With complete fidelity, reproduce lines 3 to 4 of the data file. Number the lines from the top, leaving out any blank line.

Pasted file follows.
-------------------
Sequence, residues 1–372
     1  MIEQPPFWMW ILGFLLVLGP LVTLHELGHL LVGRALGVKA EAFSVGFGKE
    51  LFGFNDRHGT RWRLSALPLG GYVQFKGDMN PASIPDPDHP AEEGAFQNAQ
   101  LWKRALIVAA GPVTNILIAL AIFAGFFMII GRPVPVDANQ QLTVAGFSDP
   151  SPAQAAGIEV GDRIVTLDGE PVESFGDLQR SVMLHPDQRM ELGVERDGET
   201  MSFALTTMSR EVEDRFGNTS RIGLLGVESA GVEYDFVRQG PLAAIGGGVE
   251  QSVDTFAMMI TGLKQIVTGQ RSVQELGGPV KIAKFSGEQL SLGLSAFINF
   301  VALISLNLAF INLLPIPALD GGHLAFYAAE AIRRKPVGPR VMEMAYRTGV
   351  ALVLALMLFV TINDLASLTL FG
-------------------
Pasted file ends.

    51  LFGFNDRHGT RWRLSALPLG GYVQFKGDMN PASIPDPDHP AEEGAFQNAQ
   101  LWKRALIVAA GPVTNILIAL AIFAGFFMII GRPVPVDANQ QLTVAGFSDP